Sunday, 15 May 2011

The Last Post

Just under a year since my initial op (proctocolectomy to remove my colon) and just over 7 months after my final op (re-plumbing me internally so that I was rid of the colostomy bag) and I think I am now ready to make my last post to this blog and draw a line under this whole experience. A damn good feeling.

When the initial operation was scheduled I targeted today as the point by which I expected to be 'officially better' by planning to ride the "Etape Caledonia" (an 81 mile cycling sportive in Perth). My surgeon (who rides the event every year) was wary of this plan and when everything went pear-shaped after the first op (see posts passim) it did seem a rather optimistic objective. In fact, if you will forgive the melodramatic tone, there was a period where the idea of riding at all seemed unlikely.

But everything has gone very smoothly in the last few months: I am fit and healthy, I have recovered my old energy levels, I'm working at 100%, and I have regained all the weight I lost.  I passed a significant hurdle a couple of weeks back when I made a business trip to China and coped with the stresses of long-haul and internal Chinese travel.

But cycling has been my key recovery benchmark.  In February Jane and I had a trip to Lanzarote and I started trying to ride my bike properly.  Subsequent lapses in my training discipline were duly punished a couple of weeks ago - over the course of a long weekend -  as I was dragged around some North Yorkshire rides by my mates Chris, Matt, Dave and Naythan.  It was a sobering experience but just what I needed to shock me in to shape -- I'm very grateful to the lads for their support and patience as they waited while I grovelled up the climbs!

So today I rode the Etape Caledonia:  81 miles in 4 hours 11 mins (i.e. a 19.4mph average).  Nothing spectacular (and I cringe thinking of my serious cycling mates reading this) but above my expectation and I'm calling it as "a respectable performance".

So that's it. This blog has served it's purpose for me by allowing me to off-load my introspective angst, indulge my moments of self-pity and keep my friends up-to-date with progress in a hopefully unobtrusive way. I'm delighted (and slightly emotional to be honest) to be able to make this my last post and move on. Today's ride feels like a fitting full-stop to this chapter in my life.

For those reading this blog because they or someone close to them face the same proctocolectomy / Ileul Pouch procedure I can honestly say (despite all the problems I incurred and the physical and emotional scars I bear) that I do not for one moment regret the decision to have the op and it has changed my life for the better.



Wednesday, 16 February 2011

Living Life :Free (8 months on)

Thought I should update the blog as its been a while and a few people have asked how I'm getting on.

Simple answer?  All is going very well.  I'm currently coming to the end of a 2 week break in Lanzarote, my first proper :free holiday.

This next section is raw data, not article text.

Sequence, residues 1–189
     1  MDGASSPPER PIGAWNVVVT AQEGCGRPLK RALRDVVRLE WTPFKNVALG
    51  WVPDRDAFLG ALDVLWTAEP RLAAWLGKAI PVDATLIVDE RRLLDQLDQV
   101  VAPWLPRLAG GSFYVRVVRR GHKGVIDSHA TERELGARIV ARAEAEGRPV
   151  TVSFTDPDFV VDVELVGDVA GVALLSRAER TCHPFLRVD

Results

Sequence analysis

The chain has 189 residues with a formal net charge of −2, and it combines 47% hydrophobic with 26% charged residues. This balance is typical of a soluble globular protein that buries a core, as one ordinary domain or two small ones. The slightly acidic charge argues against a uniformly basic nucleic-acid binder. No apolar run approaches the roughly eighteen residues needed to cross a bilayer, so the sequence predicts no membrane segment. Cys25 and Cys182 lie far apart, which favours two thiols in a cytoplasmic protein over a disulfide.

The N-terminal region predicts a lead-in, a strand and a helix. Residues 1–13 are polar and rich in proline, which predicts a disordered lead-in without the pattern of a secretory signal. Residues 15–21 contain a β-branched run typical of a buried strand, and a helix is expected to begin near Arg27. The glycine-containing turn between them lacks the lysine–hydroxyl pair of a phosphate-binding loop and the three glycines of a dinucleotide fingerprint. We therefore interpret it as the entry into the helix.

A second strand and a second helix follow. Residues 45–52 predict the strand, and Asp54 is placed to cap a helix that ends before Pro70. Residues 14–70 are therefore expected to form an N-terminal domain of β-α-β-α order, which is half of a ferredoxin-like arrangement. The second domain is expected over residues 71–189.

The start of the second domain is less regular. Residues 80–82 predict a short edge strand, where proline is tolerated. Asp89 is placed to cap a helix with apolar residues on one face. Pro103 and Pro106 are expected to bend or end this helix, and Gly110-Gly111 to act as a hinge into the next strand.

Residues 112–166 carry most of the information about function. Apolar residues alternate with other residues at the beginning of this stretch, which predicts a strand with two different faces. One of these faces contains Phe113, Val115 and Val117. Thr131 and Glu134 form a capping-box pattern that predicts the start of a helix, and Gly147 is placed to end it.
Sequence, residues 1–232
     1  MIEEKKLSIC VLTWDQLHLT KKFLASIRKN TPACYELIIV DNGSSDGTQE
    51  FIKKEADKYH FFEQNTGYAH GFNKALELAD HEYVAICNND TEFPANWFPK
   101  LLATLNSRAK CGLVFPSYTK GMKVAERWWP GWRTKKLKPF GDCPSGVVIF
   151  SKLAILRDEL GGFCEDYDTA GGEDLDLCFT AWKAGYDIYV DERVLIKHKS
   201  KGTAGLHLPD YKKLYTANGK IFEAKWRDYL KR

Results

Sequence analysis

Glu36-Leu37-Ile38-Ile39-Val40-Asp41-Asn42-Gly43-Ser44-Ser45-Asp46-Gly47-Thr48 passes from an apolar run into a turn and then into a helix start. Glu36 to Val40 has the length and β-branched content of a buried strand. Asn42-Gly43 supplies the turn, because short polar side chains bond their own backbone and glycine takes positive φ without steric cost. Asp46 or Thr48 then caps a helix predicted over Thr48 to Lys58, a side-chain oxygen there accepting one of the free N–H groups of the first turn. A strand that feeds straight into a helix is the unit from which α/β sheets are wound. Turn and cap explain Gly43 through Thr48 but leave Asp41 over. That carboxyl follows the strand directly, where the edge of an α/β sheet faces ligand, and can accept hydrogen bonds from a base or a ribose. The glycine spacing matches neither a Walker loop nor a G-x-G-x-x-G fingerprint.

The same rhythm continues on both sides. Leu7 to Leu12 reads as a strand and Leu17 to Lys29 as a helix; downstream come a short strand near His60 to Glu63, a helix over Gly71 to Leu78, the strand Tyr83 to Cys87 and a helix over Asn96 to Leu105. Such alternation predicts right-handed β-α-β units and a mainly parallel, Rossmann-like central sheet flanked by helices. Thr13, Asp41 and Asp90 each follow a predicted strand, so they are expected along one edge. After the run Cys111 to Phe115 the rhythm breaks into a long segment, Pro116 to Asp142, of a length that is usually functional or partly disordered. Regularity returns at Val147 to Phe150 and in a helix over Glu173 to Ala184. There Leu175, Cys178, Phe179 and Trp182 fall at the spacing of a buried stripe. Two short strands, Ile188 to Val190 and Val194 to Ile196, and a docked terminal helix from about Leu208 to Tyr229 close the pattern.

I've been pondering the correct syntax for describing my new status.  Wondered about P.C. (Post Colon) but I've decided to plump for ":free" -- rather like the kind of code-writer, Java-script feel to it.

So, my :free life.

Although the nights are still a little disturbed I'm basically back to normal (and am assured the nights will get better, as they slowly are doing). I'm working full-time again, whilst trying to keep those promises-made-to-self  in the darker moments to not let work 'take over' from living life to the full.

Current break in Lanzarote has seen me able to do some proper bike-riding at last.  260 windy hilly miles, albeit spread over nearly 2 weeks and at a very slow pace.  Plenty of people around me reminding me to take it easy, pace myself back to fitness, steady miles, build the base ... all good advice and I am taking it. Speed will come later. Probably. Worth remembering too that I was never a big cyclist; riding my bike properly again has simply become a psychologically important hurdle, a way of proving to myself that I have properly recovered.

So that's it I guess.  For anybody reading this facing similar surgery I can honestly say, despite the significant complications I suffered, I'm delighted I had the op.  I am no longer dependent on steroids to function and I am able to enjoy getting fitter and stronger every day (rather than slowly getting worse, as I was).

* "Introspective, Cliche-ridden Bit" Alert *
I guess in a strange way I am lucky to have come through two life-changing health problems (Lymphoma/Chemotherapy and Colitis/Colonectomy) and be fighting fit the other side of it all.  I've had plenty (possibly too much) time to contemplate my life and am lucky enough to have the opportunity to keep those promises-made-to-self when I have been down.  So carpe diem, smell the roses, live life to the full, enjoy life's little pleasures, don't sweat the small stuff .... and never, ever forget that (like me) Life's Too Short. Life's too short for bitterness, too short for loyalty cards, too short to 'play it safe', too short for worrying, too short to count the change, too short for pretty much everything except just getting on and doing stuff, now.

On which note, I'm off to do some stuff. Now.